And since 1994, Rokeya Dibosh is observed by the government, floral wreaths are placed at your birthplace in Pairaband village in Rangpur; scores of organisations take part in discussions and cultural programmes, all over the nation, all in your honor. It is customary too, for the president and the prime minister, and the leader of the opposition, to send messages to the nation on the occasion of Rokeya Dibosh to remind us of you, of all that you fought for. In her message last year, Sheikh Hasina reminded us that if you had not shown us the path, women in present-day Bangladesh would not be working in offices, courts, mills and factories, in fields and farms, and in trade and commerce. While Khaleda Zia, as prime minister, reminded us several years earlier that we are enjoying the “fruits” of your struggle, that it is because of you that women in Bangladesh have now become judges and barristers, have joined the army, they fly planes and work in nearly all professions by dint of their “own competence and efficiency.” She had added, if not forced to enter national-level politics to uphold the ideals of her husband, the late president Ziaur Rahman, she would have dedicated herself to building up a social movement for the emancipation of women.
But present-day Bangladesh, according to newspaper reports, has registered a nationwide drop in the number of girls attending schools because sexual harassment and violence has horrifically escalated over the last year. Is it possible to talk about the “misfortune” that has befallen them, without “casting aspersions” on others?
On the prime minister—who reminded us in a seemingly self-congratulatory manner when awarding Rokeya Padak last year, that the prime minister, leader of the opposition, deputy leader of the house, home minister, foreign minister, agriculture minister, labour minister, and women and child affairs minister, “are all women”—because the leaders and cadres of her party’s student and youth organisations have allegedly been, in many cases, the offendors. That, to deflect public outrage, the long-discarded notion of `eve-teasing’ was re-introduced, in utter contempt of last year’s High Court verdict which ruled that any kind of physical, mental or sexual harassment—note, not `eve teasing’—of women, girls and children was a criminal offence, that the return of `eve-teasing’ served to dilute, and to de-criminalise these offences. That it helped create a culture of impunity which has contributed to an escalation in sexual harassment and violence, as demonstrated by the outrageous rise in figures released on International Day for the Elimination of Violence against Women (November 25).
Is it possible to talk about the misfortunes of our school girls, and also, their guardians, some of whom have been killed while attempting to protect them, without casting aspersions on the leader of the opposition for leading a political party which has been galvanised into action when she was forced to leave her house, who has since preferred to desert the parliament, instead of entering it and demanding answers from the government about what concrete measures are being taking to stem sexual violence. Without casting aspersions on all who are complicit in the conspiracy of silence—sections of the media which continue to report incidents of `eve-teasing.’ Some women’s organisations which are noticeably less vocal now than when Yasmeen of Dinajpur was `eve-teased’ (raped and killed by policemen, an incident which was capitalised upon to bring down the BNP government). Will only a change of regime galvanise them into action? Into calling, for instance, a nationwide boycott of schools by girl students until effective measures have been taken by the government to ensure their safety?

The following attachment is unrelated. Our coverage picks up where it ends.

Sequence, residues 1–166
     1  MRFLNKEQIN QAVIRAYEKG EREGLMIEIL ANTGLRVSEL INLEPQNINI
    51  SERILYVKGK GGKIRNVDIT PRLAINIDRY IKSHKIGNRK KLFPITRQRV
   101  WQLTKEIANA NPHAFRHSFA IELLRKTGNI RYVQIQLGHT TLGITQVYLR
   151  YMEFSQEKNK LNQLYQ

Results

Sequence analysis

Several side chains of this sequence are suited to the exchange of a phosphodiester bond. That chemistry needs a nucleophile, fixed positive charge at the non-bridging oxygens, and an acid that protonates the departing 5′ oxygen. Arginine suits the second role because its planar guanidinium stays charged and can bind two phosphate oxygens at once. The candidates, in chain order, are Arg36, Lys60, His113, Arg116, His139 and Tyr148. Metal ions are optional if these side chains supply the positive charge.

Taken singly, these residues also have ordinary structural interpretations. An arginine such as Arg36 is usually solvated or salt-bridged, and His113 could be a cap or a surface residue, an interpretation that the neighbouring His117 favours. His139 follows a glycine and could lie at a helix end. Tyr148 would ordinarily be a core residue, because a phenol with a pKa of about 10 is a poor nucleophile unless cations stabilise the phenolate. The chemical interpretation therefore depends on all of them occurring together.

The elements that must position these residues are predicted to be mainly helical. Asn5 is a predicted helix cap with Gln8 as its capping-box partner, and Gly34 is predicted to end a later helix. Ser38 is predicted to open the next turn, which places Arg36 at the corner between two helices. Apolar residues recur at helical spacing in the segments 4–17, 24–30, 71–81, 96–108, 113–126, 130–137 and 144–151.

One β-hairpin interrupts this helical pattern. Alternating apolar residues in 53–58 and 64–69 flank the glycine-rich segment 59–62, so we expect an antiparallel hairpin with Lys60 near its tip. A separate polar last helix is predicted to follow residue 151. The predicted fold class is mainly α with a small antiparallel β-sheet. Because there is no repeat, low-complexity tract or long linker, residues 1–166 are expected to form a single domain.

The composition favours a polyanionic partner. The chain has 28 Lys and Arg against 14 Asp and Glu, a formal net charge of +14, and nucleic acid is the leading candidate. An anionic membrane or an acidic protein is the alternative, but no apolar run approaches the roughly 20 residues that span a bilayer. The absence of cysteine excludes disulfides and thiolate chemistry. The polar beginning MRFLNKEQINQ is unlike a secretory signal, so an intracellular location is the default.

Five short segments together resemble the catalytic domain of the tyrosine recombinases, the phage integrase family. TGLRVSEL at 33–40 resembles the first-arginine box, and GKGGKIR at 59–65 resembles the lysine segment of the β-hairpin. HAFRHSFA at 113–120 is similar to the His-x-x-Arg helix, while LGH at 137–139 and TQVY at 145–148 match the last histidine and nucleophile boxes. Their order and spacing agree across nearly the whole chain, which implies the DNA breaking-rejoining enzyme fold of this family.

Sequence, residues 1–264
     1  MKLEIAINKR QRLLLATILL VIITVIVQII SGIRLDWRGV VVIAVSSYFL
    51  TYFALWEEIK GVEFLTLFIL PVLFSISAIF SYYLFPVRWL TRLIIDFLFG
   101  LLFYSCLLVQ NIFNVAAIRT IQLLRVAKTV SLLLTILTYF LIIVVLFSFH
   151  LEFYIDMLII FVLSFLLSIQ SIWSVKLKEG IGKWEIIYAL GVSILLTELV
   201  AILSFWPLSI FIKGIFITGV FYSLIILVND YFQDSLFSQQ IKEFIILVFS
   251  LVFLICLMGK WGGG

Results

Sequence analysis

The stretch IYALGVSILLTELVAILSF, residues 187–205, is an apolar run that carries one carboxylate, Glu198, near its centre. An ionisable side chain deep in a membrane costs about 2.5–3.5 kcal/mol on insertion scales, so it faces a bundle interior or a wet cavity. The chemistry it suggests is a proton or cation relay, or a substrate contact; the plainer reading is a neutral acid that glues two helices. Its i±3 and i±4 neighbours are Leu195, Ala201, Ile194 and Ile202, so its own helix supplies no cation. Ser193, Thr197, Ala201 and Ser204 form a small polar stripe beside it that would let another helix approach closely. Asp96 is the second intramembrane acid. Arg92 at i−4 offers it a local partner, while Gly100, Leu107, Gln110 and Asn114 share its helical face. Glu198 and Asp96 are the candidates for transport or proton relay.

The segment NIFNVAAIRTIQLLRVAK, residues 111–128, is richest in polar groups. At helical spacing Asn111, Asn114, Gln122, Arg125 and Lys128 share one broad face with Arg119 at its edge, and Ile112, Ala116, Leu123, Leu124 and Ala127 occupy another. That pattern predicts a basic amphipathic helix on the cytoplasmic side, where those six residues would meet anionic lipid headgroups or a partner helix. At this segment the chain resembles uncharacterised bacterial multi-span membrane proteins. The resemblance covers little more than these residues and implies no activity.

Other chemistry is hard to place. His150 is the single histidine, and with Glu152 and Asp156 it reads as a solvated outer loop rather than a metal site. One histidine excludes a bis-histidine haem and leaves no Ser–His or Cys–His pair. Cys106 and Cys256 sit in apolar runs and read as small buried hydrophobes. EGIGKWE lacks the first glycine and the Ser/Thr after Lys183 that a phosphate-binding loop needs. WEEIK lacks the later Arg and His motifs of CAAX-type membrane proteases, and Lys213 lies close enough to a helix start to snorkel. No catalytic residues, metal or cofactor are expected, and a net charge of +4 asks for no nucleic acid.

Violence against girls keeps spiralling upwards: on December 4, a 17 year-old college girl in Barguna lost her leg because she spurned an `eve-teaser’ who hacked it (Daily Sun, 5 December) . And yesterday’s newspaper reports that a stalker knifed a 14 year-old madrassa girl because she refused his proposition (New Age, December 8). In both incidents, the girls and their families had lodged complaints with the local thana, but no action had been taken.
Unfortunately, Begum Rokeya, the “neglectful, indifferent and miserly behaviour” towards educating women that you spoke of enfolds us too—we, who are what we are because of you—because we are either too busy eating the fruits of your struggles, or dreaming of future fruits, or choose to remain passive, or to play it safe. You were right to remind us that education is not only about acquiring degrees and certificates, that unless a qualitative change in the state of one’s mind has occurred, we remain murkho, we remain enslaved..
And today Begum Rokeya, we, both men and women of this country, will provide ample evidence of that. Flowery words will escape many a lips, all in your honor.
As you shudder in your grave.Show